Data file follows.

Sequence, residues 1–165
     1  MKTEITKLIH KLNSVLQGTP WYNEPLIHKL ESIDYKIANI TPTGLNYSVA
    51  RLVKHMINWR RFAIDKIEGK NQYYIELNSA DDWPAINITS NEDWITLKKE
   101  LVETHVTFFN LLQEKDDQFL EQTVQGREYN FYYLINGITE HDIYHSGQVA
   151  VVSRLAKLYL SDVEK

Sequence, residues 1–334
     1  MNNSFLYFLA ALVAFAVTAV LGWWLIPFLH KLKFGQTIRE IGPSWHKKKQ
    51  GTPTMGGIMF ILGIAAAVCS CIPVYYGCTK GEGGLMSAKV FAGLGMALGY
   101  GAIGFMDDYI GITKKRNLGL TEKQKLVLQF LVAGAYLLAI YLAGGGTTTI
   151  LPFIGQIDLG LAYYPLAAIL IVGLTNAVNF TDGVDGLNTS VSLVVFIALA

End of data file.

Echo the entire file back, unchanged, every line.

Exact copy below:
Sequence, residues 1–165
     1  MKTEITKLIH KLNSVLQGTP WYNEPLIHKL ESIDYKIANI TPTGLNYSVA
    51  RLVKHMINWR RFAIDKIEGK NQYYIELNSA DDWPAINITS NEDWITLKKE
   101  LVETHVTFFN LLQEKDDQFL EQTVQGREYN FYYLINGITE HDIYHSGQVA
   151  VVSRLAKLYL SDVEK

Sequence, residues 1–334
     1  MNNSFLYFLA ALVAFAVTAV LGWWLIPFLH KLKFGQTIRE IGPSWHKKKQ
    51  GTPTMGGIMF ILGIAAAVCS CIPVYYGCTK GEGGLMSAKV FAGLGMALGY
   101  GAIGFMDDYI GITKKRNLGL TEKQKLVLQF LVAGAYLLAI YLAGGGTTTI
   151  LPFIGQIDLG LAYYPLAAIL IVGLTNAVNF TDGVDGLNTS VSLVVFIALA